“If we are to move forward… towards mainstreaming ecological design as an integral part of building for the 21st century, then it is crucial that it is accessible, economic, genuinely environmentally sound, gimmic-free and not stigmatised as a style” – Howard Liddell from ‘Eco-minimalism – the antidote to eco-bling’ RIBA Publications 2008

From governments and politicians down to tradesmen and factory workers we are all made aware of the impending dangers of global warming, climate change and the crazy amounts of other human related  side-effects imposed on our planet through our modern-day lifestyles.  The problem is that with reasonable panic, comes unreasonable thinking.  In the construction industry, eco-bling is preached ‘as a means to an end’ and seems more a quasi-solution based on reactionary thought and very little practice.  Today, sustainability has become another one of those dreaded buzz words and as it gains momentum,  most people perceive it as a new “trend” and not a way  of  living. Concepts of green architecture today are peppered with greenwashing and failed attempts at providing quality in sustainability.  People are rushing to the recycling bins and fixing their outdated buildings, with green technology badges such as solar panels and micro wind turbines, but fail to understand sustainability in the broader context and often fail to implement a green design approach that works.  The same high-end green technology solutions being sold to us as antidotes to climate change might not be as green as they first appear.


Recently, I came upon Howard Lidell’s – brilliantly named-  ‘Eco-minimalism – the antidote to eco-bling’ (2008). After reading this,  you realise that there is a  more realistic and cost-effective approach to going ‘green’  which simply follows basic concepts of  ‘eco-minimalism’ – a good design approach that is tied to ecological building design through careful selection of materials, building orientation, environmental design and specification.  Eco-minimalism is about making a building react to its environment in ‘passive’ ways rather than ‘active’ solutions.  Far from reaching the almost high tech levels of ‘PassivHaus’ design, Eco-minimalism aims to dissect these principles even further.  For example, slapping a bunch of solar-thermal panels in the roof of a 1950’s bungalow is an ‘active’ way of addressing water and space heating, but it ignores the need for increasing its out-dated insulation or reducing hot water usage in the first place.  Both of which can be achieved with low-cost methods of construction (cavity wall insulation & simple  water saving measures) . Careful planning and implementation at design stage can almost negate the use of any ‘green-technology’ at all.  Basically, any  building or design can increase their ‘ eco-credentials’ by concentrating on less obvious strategies such as insulation, draught-proofing and the use of healthy local  materials and not ‘Greenwashing’ a design by picking ‘off-the-shelf’ green solutions that may actually cause more harm to the environment than good.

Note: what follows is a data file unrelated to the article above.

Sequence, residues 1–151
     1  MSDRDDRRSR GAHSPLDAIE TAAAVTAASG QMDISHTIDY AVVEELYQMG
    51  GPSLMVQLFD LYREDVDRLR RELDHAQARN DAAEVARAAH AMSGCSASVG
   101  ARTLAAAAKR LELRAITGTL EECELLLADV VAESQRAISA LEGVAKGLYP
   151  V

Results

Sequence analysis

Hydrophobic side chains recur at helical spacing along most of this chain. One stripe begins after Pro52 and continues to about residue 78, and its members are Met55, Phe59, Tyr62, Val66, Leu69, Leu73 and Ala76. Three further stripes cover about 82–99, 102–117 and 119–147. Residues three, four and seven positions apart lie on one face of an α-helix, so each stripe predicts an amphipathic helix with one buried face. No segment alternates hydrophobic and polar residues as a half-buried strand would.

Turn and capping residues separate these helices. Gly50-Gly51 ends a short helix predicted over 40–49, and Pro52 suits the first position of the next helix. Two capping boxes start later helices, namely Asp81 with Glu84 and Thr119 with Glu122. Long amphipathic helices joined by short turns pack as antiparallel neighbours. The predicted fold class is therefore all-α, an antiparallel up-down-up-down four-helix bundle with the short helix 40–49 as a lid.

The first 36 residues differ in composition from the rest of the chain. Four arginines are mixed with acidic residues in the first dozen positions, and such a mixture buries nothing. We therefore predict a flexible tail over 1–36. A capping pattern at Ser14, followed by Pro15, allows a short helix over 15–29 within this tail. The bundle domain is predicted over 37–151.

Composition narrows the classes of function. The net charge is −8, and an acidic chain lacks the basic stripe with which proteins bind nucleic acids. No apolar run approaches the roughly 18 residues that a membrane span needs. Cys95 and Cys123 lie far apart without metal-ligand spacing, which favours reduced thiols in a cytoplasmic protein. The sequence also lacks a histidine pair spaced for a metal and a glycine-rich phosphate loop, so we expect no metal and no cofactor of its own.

As Architects, builders, planners and designers, we must strive to find the simplest and most cost effective solutions in support of truly ecological, affordable sustainable architecture for everyone.

Other recommended books

Brown, G. Z (2000) Sun, Wind and Light: Architectural Design Strategies, London: John Wiley & Sons

Kwok A & Grondzik W (2011) The Green Studio Handbook: Environmental Strategies for Schematic Design, London: Architectural Press

Lechner, N (2008) Heating, Cooling, Lighting: Sustainable Design Methods for Architects, London: John Wiley & Sons